Why Unicorns Aren’t So Special Anymore
Everyone loves unicorns. They are unique and magical and harness special powers. So it is appropriate that private companies sporting valuations about $1 billion are deemed unicorns.
But they run the risk of dying once set loose in the wild.
Mountains of capital in private equity funds has resulted in some pretty well-fed unicorns. According to industry tracker Preqin, a record $453 billion was raised by private equity firms in 2017, beating out the prior high of $414 billion in 2007.
After being added to the already robust coffers of private equity, this leaves about $1 trillion of dollars looking for a home in new investments. Just think, these newly added investments could give birth to at almost 500 new baby unicorns!
The problem for the overpopulation of unicorns is that their best days seem to be in the confines of private equity. Once introduced into in the “real world” of the stock market via an IPO, many unicorns start to suffer.
Take Snap (NSDQ: SNAP), for example. The company priced its IPO at $17 in March 2017 and after a very brief (don’t blink) move up to $24.40, wilted to its current $16 price. Snap’s highest price occurred on its very first day of trading.
Blue Apron (NSDQ: APRN) might take the prize for the most fragile unicorn. That IPO priced at $10 and is now bumping up against $2.00 after reporting just three quarters as a public company. The first two reports were disastrous, the third, merely dreadful.
How can investors be so excited about these super fast growers and bid them up during the IPO process and even more on the first day of trading only to turn tail so quickly?
The problem lies in the timing of these IPOs. Before the avalanche of private equity dollars, companies typically went public in search of capital from new shareholders. They needed the money to spend on investments to grow their companies. The capital was spent building out factories, opening stores, and hiring teams of software engineers to fine tune their products.
Raising capital at an earlier phase of the growth cycle benefits investors. They jump on early, typically at a lower valuation that the company would receive in a later part of the cycle, and then jump on to enjoy the ride on the growth train. Private equity investors are enjoying this growth but he public is not.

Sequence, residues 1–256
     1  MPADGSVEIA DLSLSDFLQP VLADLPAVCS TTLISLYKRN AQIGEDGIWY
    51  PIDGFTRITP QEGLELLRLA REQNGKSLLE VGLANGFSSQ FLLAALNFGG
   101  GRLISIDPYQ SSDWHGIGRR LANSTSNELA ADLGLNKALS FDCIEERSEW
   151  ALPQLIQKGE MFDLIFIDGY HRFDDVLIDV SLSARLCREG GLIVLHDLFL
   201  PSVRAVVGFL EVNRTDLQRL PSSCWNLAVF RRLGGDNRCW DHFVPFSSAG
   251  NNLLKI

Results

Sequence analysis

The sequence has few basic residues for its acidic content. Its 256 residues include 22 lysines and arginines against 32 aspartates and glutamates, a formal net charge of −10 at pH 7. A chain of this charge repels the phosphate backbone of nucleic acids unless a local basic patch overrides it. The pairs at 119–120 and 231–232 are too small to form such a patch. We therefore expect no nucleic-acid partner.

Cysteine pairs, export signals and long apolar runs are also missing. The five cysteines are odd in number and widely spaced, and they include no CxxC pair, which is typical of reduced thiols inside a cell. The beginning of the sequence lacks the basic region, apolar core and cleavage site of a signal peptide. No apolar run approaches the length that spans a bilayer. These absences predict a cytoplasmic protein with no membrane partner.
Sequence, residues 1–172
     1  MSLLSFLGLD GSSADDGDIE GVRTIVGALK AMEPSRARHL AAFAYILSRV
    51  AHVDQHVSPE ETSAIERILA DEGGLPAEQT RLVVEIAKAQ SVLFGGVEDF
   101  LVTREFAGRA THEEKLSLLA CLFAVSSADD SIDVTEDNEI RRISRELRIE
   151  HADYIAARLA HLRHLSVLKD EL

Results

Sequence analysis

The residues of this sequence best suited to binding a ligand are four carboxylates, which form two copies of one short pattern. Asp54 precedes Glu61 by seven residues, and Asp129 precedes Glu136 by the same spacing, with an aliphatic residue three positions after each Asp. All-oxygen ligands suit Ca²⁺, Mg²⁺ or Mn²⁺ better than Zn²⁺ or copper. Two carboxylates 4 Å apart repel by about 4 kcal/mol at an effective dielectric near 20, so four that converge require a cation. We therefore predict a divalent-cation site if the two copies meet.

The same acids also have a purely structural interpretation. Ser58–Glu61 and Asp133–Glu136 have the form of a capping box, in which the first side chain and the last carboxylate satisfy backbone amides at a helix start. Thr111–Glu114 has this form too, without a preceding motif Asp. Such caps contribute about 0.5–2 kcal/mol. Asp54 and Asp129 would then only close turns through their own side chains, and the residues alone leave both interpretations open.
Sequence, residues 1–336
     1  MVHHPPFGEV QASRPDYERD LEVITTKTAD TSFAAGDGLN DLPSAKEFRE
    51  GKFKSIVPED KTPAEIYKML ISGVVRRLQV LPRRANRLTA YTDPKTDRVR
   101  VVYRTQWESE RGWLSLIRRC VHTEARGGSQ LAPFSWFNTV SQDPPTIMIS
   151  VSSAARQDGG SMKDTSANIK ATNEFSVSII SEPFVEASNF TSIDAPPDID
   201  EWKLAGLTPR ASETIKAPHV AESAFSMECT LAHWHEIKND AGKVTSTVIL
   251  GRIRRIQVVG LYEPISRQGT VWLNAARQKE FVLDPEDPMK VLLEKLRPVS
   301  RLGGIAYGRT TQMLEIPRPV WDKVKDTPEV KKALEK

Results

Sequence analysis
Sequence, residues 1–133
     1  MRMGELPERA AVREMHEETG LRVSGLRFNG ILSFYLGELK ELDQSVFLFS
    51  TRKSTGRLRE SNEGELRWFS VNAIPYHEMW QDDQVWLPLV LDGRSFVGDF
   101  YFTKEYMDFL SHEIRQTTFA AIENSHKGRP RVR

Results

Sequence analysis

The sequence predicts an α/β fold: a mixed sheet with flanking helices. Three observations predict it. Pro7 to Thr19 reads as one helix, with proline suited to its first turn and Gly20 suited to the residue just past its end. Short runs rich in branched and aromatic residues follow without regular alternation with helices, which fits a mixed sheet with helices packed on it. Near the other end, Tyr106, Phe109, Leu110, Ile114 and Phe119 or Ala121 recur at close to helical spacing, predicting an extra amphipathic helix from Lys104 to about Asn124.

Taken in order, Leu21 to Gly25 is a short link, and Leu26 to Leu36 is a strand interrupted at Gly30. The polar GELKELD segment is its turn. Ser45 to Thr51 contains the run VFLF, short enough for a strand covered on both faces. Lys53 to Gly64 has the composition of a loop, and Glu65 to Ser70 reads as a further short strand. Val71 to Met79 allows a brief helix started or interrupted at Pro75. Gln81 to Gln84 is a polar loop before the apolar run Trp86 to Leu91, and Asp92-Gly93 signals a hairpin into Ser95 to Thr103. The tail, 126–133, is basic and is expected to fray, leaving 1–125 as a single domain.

When Coach, now Tapestry (NYSE: TPR) went public in 2000 it had only 106 stores and got just 11% of its sales internationally. The company had a huge runway of growth ahead of it. Over the course of the next 18 years, Tapestry opened 900 more stores, rapidly expanded overseas distribution and grew revenue tenfold.
Many private companies prefer to stay private. They understand the difficulty of operating under the public eye and the glory and the wrath involved in estimating and delivering results on a quarterly basis.
It’s only logical that many would prefer the safe confines of being private if it not necessary to leave the walled garden in search of capital.
With so much capital being fed to the unicorns via private equity, many private companies are delaying IPOs until a much later point in their growth cycle. Sometimes they are using the money raised to grow the company but often the capital is used to pay off debt, or to pay a “one-time” dividend to the private equity investors.
Oftentimes, the company does not raise ANY money on the IPO and the deal is a way for insiders to sell shares and to provide insiders liquidity for their shares. Issuing shares to employees is a nice carrot to have for new hires.
When these companies are further out in their growth cycle, revenue growth is often declining. Blue Apron had seen its peak growth two years before the IPO. Delaying an IPO meant hitting the public markets just as revenue growth plummeted.
Dropbox (NSDQ: DBX) which just priced its IPO last week is seeing a small deceleration in revenue growth. After a 40% jump in revenue in 2016, growth dropped to 31% in 2017 and to the high 20’s in the December quarter.
This doesn’t mean Dropbox will be a dud of an IPO. However, it means that investors need to be more careful about choosing which deals to buy. If a company’s best growth days were had in the unicorn field, your capital may be setting itself up for extinction.